If you're interested in a better translation of the agpeya pm me, and I can email you one where the Psalms are translated from the Coptic, rather than using NKJV. The translation of non-biblical parts are much better quality.

I have the one published by Fr. Abraham Azmy of Virgin Mary and Archangel Michael Coptic Orthodox Church of Hamden, Connecticut. I believe that's the same as the one provided on the site. It uses a translation of the LXX for the Psalms, not the NKJV. I think it's from the Apostles Bible, which is the modern language revision of Brenton's translation.

Which is the version you're talking about? I'd be interested to see the difference between them.



The one I mentioned is a translation of the Psalms from the Coptic by Heg. Fr. Athanasius Iskander.

I will put a copy here: http://www.stmaryscopticorthodox.ca/publications/servicebooks/servicebooks.html

It is not quite finished, the grammar needs a little work in places, and a few of the page references are off by a few.
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Orthodox11
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« Reply #5 on: May 26, 2009, 02:58:02 PM »

Thanks for the link. It looks very good!

Since it's a work in progress, I have a question. Why do all Coptic service books translate Doxa si Kyrie (Glory to you, O Lord) after the Gospel reading as "Glory be to God forever"? I noticed the Arabic says المجد للّه داءما أبديا. Since this Agpia uses the Coptic Psalter, doesn't it make more sense to translate from the original Coptic (Greek) than the altered Arabic version?
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Jonathan
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« Reply #6 on: May 26, 2009, 03:25:46 PM »

Thanks for the link. It looks very good!

Since it's a work in progress, I have a question. Why do all Coptic service books translate Doxa si Kyrie (Glory to you, O Lord) after the Gospel reading as "Glory be to God forever"? I noticed the Arabic says المجد للّه داءما أبديا. Since this Agpia uses the Coptic Psalter, doesn't it make more sense to translate from the original Coptic (Greek) than the altered Arabic version?

That's a good question. I know Fr. Athanasius changes the Psalms, Gospels,  gloria, the trisagion, the litanies, and the absolutions to conform to the Coptic or Greek as appropriate in this revision... but he may well have overlooked something that small. His email is on the website above if you want to ask him about it.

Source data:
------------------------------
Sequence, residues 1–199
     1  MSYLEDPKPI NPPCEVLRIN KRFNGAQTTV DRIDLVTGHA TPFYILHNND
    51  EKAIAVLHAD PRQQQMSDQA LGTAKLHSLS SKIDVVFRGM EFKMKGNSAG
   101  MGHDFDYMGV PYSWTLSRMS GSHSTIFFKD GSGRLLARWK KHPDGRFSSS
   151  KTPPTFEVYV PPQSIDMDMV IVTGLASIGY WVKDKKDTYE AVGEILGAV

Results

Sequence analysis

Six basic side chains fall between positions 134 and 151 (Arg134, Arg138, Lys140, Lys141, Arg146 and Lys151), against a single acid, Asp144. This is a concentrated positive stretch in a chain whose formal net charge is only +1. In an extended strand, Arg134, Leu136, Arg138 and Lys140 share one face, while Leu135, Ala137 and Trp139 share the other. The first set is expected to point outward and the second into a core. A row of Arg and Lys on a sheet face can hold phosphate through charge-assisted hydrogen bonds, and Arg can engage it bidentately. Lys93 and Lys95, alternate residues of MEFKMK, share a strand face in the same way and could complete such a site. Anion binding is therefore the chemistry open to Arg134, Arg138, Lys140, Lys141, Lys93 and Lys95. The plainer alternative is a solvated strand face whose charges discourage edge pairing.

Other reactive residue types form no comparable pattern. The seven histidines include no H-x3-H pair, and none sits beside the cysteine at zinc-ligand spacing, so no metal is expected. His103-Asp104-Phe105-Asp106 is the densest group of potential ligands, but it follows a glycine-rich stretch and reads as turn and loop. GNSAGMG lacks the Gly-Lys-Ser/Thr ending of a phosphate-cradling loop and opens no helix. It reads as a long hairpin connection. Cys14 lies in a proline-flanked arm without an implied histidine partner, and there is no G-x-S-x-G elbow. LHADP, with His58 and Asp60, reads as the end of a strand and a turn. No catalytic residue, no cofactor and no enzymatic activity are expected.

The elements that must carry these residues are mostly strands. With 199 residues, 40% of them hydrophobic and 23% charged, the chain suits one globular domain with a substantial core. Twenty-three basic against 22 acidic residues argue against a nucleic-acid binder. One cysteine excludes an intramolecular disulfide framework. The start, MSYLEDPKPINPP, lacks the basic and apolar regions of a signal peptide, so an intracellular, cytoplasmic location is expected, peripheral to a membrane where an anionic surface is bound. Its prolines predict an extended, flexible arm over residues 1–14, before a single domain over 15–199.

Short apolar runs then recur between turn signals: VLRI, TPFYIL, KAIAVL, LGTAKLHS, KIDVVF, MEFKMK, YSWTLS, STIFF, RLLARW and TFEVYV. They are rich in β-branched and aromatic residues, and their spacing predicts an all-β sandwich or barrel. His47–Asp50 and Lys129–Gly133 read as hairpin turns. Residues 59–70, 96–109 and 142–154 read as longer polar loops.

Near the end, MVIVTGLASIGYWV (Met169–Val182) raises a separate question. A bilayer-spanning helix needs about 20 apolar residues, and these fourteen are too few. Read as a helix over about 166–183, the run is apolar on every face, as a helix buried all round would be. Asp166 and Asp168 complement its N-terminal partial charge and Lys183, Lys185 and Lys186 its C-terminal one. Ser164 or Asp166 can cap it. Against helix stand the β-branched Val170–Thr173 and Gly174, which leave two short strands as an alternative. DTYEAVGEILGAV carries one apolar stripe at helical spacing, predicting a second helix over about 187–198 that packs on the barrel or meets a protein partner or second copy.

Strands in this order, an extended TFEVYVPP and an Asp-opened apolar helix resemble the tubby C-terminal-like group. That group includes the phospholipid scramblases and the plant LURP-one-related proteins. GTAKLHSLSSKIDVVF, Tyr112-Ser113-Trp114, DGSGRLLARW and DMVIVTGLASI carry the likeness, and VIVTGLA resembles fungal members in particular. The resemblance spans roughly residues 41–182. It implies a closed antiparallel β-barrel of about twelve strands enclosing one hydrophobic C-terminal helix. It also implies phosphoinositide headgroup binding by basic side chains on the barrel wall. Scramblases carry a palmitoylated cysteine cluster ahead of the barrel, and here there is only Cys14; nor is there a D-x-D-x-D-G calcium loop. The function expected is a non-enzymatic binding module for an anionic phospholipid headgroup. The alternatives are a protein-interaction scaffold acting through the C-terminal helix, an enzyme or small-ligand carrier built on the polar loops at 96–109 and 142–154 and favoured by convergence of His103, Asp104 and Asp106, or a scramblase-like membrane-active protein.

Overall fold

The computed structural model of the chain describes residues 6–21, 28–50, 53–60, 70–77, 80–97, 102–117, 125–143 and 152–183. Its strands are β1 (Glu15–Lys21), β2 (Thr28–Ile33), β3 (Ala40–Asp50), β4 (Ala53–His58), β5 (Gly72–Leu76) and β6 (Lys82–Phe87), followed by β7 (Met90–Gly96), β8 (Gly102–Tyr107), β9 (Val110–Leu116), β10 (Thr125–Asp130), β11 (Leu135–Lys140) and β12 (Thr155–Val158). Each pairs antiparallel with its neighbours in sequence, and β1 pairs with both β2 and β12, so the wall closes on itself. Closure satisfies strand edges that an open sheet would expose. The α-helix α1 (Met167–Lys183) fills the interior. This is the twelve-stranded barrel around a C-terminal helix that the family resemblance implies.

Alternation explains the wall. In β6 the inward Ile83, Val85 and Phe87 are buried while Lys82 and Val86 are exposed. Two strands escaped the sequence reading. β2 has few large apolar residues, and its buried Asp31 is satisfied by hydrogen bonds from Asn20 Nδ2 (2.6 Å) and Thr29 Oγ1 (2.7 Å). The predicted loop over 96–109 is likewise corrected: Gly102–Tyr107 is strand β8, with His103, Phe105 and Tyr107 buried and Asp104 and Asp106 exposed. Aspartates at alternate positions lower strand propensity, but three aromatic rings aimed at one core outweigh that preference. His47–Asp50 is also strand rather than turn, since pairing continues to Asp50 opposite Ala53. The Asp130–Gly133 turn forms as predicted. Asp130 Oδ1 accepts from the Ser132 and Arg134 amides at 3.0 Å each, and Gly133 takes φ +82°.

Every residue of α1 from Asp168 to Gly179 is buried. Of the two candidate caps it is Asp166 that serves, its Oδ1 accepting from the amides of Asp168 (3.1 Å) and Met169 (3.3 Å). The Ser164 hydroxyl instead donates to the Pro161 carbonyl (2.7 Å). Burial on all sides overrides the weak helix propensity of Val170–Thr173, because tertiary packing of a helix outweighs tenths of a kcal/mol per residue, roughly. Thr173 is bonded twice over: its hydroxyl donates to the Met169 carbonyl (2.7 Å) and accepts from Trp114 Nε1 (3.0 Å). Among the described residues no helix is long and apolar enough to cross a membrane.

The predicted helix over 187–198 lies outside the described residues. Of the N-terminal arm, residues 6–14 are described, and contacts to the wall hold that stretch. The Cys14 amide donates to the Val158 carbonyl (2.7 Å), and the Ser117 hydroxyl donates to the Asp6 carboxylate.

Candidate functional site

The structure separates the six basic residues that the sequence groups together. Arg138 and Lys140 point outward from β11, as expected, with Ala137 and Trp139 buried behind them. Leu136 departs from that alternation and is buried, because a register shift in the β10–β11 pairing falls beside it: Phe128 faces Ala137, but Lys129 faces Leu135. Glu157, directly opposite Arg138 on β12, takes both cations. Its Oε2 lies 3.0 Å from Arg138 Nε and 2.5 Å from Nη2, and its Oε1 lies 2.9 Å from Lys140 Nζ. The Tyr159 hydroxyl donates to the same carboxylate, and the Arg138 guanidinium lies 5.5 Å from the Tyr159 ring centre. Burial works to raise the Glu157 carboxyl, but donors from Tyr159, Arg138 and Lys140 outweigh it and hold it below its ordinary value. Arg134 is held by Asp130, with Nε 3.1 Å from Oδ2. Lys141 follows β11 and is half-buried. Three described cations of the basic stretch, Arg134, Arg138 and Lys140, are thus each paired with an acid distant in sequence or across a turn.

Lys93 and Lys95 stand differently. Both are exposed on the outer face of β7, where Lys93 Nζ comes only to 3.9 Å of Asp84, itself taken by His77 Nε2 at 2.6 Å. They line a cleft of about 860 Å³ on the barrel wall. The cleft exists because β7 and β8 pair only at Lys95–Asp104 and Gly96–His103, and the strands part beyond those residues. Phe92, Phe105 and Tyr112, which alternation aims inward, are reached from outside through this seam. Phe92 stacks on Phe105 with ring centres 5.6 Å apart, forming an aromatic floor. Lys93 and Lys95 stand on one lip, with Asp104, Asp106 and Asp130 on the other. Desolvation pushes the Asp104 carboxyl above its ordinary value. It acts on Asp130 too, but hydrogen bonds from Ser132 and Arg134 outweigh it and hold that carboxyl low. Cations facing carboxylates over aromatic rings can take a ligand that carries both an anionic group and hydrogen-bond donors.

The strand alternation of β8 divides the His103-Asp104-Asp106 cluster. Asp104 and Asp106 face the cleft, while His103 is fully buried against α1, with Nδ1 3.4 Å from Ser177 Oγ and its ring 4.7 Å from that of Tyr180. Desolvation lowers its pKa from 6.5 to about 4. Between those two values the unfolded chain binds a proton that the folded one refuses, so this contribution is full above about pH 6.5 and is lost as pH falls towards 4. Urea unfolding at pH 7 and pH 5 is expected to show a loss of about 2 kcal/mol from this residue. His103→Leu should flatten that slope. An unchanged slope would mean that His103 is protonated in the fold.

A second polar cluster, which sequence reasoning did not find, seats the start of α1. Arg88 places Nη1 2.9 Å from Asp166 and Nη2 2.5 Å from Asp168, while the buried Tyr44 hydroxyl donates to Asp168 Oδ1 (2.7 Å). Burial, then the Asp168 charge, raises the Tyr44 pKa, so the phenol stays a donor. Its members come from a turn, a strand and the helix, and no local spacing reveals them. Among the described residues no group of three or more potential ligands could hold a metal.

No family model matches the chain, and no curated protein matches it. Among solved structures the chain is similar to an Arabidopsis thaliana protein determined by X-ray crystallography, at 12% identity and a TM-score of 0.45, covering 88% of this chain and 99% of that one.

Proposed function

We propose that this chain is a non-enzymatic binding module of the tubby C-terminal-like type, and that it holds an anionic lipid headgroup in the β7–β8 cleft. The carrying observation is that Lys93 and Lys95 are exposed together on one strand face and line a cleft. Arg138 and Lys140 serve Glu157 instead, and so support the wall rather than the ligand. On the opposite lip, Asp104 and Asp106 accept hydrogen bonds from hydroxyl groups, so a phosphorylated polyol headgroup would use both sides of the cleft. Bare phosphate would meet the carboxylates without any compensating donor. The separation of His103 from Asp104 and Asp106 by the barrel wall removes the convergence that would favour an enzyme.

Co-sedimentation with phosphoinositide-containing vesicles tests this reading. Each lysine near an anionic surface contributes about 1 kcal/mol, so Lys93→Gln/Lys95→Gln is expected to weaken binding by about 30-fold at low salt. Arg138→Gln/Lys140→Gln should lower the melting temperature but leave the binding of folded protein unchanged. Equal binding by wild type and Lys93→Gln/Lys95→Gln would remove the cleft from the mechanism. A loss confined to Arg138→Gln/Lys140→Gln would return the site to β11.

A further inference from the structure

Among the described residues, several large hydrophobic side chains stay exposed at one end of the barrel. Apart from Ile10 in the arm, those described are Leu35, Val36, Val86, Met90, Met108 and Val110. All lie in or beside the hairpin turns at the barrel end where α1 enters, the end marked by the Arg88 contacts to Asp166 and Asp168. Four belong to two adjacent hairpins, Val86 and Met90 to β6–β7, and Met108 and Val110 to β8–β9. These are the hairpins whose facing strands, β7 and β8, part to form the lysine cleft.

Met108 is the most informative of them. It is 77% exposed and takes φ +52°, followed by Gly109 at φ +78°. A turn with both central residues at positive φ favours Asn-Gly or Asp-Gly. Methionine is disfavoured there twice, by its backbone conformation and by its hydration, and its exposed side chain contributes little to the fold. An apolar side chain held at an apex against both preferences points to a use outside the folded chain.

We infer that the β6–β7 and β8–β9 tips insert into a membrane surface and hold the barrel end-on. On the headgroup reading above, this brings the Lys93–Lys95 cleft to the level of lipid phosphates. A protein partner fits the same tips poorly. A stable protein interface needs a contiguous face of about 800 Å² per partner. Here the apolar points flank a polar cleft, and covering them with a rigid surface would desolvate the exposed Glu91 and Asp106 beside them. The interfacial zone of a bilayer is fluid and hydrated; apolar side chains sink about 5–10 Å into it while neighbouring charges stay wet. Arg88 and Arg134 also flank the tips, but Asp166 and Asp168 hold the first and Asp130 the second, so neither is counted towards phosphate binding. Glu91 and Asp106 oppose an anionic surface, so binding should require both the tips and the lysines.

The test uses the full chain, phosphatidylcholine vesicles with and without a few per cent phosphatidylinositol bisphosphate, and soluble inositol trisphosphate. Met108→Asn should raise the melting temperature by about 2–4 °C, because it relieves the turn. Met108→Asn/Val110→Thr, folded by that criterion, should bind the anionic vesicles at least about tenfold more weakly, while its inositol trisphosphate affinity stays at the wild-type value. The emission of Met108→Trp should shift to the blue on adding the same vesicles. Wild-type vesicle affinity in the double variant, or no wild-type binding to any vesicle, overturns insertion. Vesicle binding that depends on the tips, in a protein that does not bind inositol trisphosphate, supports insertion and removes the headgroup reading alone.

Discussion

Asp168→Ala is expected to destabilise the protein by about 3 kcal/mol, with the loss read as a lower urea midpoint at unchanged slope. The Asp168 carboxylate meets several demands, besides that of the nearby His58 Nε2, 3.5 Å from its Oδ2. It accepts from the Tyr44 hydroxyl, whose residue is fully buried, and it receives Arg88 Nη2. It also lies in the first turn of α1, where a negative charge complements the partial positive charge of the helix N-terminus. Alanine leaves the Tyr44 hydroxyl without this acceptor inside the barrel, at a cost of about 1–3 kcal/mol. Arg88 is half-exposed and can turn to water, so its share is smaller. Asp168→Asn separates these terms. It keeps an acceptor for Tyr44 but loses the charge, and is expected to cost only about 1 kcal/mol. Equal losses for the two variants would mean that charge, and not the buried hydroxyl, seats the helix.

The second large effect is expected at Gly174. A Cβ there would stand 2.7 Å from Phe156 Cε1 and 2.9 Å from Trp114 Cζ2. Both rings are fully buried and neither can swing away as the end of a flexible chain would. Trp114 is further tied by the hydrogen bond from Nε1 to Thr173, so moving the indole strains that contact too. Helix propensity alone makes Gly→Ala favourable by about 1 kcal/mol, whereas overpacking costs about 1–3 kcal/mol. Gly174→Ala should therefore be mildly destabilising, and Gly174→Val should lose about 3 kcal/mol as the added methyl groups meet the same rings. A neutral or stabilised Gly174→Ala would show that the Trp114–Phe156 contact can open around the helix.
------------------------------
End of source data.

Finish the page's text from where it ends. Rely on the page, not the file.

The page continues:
« Last Edit: May 26, 2009, 03:46:50 PM by Jonathan » Logged
PoorFoolNicholas
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« Reply #7 on: May 27, 2009, 11:40:49 AM »

After reviewing some of these prayers, I was wondering, How do the Coptic tones correspond to the Byzantine? Are they completely different?
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Orthodox11
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« Reply #8 on: May 27, 2009, 11:48:03 AM »

After reviewing some of these prayers, I was wondering, How do the Coptic tones correspond to the Byzantine? Are they completely different?

They are very different. There are many examples of Coptic chant on youtube if you're interested. Byzantine chant has its origins in Syrian and Greek music, whereas Coptic chant is of pharonic origin.

Also, Coptic chant does not use the 8-Tone system of Byzantine chant, although there are different tones (joyful, sad, etc.) used during different times of the year.
« Last Edit: May 27, 2009, 11:48:29 AM by Orthodox11 » Logged
PoorFoolNicholas
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« Reply #9 on: May 27, 2009, 11:49:30 AM »

They are very different. There are many examples of Coptic chant on youtube if you're interested. Byzantine chant has its origins in Syrian and Greek music, whereas Coptic chant is of pharonic origin.

Also, Coptic chant does not use the 8-Tone system of Byzantine chant, although there are different tones (joyful, sad, etc.) used during different times of the year.
If you are able, could you elaborate on the coptic tones? How they are used, and the number? God Bless.
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Orthodox11
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« Reply #10 on: May 27, 2009, 11:54:49 AM »

If you are able, could you elaborate on the coptic tones? How they are used, and the number? God Bless.

From what I understand they're seasonal. So the month of Kiakh (Advent) has it's own special tone (my favourite!), the mournful tone is used during Lent, the joyful tone used during feasts, etc. I'll leave it to someone more knowledgeable to elaborate further.